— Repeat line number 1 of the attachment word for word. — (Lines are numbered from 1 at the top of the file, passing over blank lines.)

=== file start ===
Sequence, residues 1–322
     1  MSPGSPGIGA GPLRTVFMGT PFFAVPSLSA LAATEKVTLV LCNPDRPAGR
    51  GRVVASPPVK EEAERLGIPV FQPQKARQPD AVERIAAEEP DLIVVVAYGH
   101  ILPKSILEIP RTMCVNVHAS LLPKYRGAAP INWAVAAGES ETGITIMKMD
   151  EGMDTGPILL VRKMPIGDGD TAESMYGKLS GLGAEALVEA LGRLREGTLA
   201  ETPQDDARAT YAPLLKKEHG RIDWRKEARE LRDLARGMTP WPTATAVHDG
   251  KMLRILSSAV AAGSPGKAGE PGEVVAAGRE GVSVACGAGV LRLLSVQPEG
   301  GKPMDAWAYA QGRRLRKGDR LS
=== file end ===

Sequence, residues 1–322